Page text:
“of course you wouldn’t want every family historian doing their family history touching these documents, but if it’s for an academic project …”
 There were many comments stimulated by that tweet and a blog post Thoughts on collaboration: the start of a manifesto? by Mike Esbester on the Railway Work, Life and Death site (worth a look aside from the blog post).

Archivists are human and sometimes say things they regret. What has been your recent experience in your interactions with archivists?

DNA Painter redesigned

One of the speakers one of whose presentations I'm looking forward to attending at RootsTech London is Jonny Perl.

He has just announced a redesigned home page for his DNA Painter, now live at https://dnapainter.com. Check out the new dashboard. While there's a more focused introduction for new users the "classic" shared cM tool, where you enter shared cM with a match to find the possible relationships, is still there.
It seems strange to write "classic" for a site which is relatively new.
There are also the tools for other analysis, including chromosome mapping for the 2% working at that more advanced level.

Perth & District Historical Society September Meeting

“Documenting the Old Red House in Perth”

Please join us on Thursday 26 September, (at the Perth Legion as usual), when we delve into the history of the Old Red House on Craig Street - the oldest standing structure from the Perth Military Settlement of 1816.  In 1819, the Commander-in-Chief/Governor General of Upper and Lower Canada, Charles Lennox, 4th Duke of Richmond, while on tour of the developing colony, suggested that the building be painted red, hence the source of the nickname.  (The house is now white.)

The presentation by our guest, James Forrester, will focus on the relationship between architecture and family history by recounting the intersecting events in the lives of the occupants and the building’s history as an Officer’s Quarters, inn, tavern, church, school, meeting place, printing office and then dwelling.  In fact, August 2019 was the 200th anniversary of the banquet hosted in the Inn for the Duke of Richmond by the citizens of the community.

James’ power point presentation will also examine the preparatory work that has been undertaken for reconstructing this important historic building, with the involvement of Algonquin College.  In preparation for the work on the main building, Algonquin students dismantled a timber frame driveshed on the property in March, as a pilot project.  The materials are in storage until the structure can be rebuilt on the campus.

The project builds on previous heritage initiatives in the Town of Perth such as the Heritage Canada Main Street Project, the Algonquin Heritage Institute, the $10 million Algonquin Perth Campus, the 200th anniversary celebrations in 2016 and the 150th celebration of Canada in 2017.

James Forrester grew up in Westport and attended both Rideau District High School and P&DCI.  His post secondary studies included History, Film Studies and Library Information Science.  James worked as a systems administrator at OCAD University before returning to graduate school from 2014 to 2016 at Trent University.  His previous work and training in archival documentation provided a sound base for undertaking the needed research for Old Red House Project.  James and his wife, Stephanie Ford Forrester, have carried out several log and timber frame reconstructions.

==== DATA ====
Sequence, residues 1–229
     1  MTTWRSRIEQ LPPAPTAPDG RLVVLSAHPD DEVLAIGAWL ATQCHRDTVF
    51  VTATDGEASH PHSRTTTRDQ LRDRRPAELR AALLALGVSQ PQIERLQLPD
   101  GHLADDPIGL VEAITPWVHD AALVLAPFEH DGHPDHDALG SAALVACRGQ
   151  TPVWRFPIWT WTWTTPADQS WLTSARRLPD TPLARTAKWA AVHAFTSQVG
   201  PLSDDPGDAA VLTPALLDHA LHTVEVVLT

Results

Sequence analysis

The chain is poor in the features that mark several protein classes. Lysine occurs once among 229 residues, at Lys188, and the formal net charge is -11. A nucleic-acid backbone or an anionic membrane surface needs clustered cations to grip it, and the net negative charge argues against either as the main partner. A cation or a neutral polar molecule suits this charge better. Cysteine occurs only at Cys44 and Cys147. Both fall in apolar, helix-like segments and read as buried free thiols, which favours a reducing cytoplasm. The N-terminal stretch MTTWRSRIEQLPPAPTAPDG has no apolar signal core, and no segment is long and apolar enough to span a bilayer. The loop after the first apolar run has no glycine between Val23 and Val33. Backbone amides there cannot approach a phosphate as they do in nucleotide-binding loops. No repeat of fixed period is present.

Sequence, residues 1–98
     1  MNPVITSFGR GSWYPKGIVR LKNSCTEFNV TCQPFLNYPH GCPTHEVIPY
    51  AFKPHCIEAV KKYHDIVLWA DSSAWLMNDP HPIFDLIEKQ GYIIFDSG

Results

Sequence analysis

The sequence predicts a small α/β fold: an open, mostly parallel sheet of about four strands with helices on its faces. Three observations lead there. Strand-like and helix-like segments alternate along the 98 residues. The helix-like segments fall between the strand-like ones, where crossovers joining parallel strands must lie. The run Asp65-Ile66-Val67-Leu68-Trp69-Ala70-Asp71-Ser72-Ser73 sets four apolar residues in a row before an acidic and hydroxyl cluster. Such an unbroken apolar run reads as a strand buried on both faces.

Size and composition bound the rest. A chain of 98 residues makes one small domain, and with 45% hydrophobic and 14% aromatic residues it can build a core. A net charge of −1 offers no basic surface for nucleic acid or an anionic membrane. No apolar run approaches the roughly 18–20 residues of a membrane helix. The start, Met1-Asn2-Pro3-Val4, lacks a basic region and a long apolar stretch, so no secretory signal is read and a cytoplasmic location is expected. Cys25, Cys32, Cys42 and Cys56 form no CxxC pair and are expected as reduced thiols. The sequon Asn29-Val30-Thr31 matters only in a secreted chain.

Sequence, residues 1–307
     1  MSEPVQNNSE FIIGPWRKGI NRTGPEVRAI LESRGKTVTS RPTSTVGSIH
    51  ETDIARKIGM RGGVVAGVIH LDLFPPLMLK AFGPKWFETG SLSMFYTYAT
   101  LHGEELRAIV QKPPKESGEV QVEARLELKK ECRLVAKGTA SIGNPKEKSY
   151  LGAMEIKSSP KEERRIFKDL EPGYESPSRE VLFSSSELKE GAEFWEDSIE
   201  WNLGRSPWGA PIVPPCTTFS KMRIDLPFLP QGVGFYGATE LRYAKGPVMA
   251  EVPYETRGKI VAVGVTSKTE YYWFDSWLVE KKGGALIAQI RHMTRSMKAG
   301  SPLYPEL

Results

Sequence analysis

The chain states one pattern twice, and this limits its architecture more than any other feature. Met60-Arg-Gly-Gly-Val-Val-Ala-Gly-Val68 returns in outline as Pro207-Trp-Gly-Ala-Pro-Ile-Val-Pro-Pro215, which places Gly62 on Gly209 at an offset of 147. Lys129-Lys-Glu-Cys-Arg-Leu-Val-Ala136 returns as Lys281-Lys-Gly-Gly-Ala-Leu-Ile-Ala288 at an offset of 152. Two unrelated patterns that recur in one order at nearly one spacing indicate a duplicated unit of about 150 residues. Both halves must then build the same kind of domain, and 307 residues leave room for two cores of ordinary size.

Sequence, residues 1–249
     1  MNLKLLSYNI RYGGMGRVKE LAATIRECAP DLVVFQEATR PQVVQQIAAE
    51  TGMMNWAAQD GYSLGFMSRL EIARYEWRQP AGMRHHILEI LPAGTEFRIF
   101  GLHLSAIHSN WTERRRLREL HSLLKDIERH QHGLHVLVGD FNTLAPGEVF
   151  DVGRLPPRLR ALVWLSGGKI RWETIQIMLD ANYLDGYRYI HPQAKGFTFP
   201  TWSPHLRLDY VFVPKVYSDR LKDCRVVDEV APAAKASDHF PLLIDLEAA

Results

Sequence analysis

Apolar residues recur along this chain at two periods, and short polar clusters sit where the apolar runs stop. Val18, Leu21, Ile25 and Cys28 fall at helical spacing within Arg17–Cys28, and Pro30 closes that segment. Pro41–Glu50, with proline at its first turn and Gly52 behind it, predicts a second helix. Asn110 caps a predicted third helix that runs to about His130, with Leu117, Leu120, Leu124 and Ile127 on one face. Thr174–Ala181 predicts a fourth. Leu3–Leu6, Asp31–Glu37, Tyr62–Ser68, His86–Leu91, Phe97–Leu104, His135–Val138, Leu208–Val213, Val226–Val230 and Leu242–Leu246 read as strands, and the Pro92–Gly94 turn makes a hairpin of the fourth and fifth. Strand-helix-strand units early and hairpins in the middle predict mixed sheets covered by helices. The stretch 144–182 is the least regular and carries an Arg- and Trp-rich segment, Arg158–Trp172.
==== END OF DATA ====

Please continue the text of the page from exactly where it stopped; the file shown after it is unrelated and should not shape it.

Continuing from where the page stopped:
Perth's Royal Canadian Legion, Home of the Hall of Remembrance
26 Beckwith Street E., Perth, (Toonie Donation).

23 September 2019

Diahan Southard is coming to Toronto

Here's an event I'd very likely be attending in Toronto, if I wasn't in England for RootsTech London.

Grow & Organize Your DNA Network is an all-day event from the Toronto Branch of OGS with speaker Diahan Southard.

The program is:

Session 1: 9:15 – 10:15 am:
DNA and Jack Sprat’s Wife (Who Couldn’t Eat Any Lean)
With the advent of autosomal DNA testing, women were catapulted into the limelight, no longer needing to rely so heavily on the men in their life to spit or swab. This lecture will focus on all things female from mtDNA, XDNA, and especially how to use the wives of your ancestors to help identify your autosomal DNA matches.

Session 2: 10:30 – 11:30 am:
Organizing Your DNA Results
Now that you have pages of matches and gobs of new information, how do you keep track of it all? We will spend time going over how to create and track correspondence, organization tools within each testing company, as well as strategies for tracking the genealogy information of your matches, including surnames, locations, and genetic relationships. You are bound to walk out of this lecture with a game plan that you can implement right away.

Session 3: 1:00 – 2:00 pm:
The YDNA Test Should Be Your Favorite
Come learn basic and intermediate principles of using YDNA verify and extend your pedigree chart, including how to make the most of your YDNA family project.

Session 4: 2:15 – 3:15 pm:
DNA Third Party Tools You Actually Need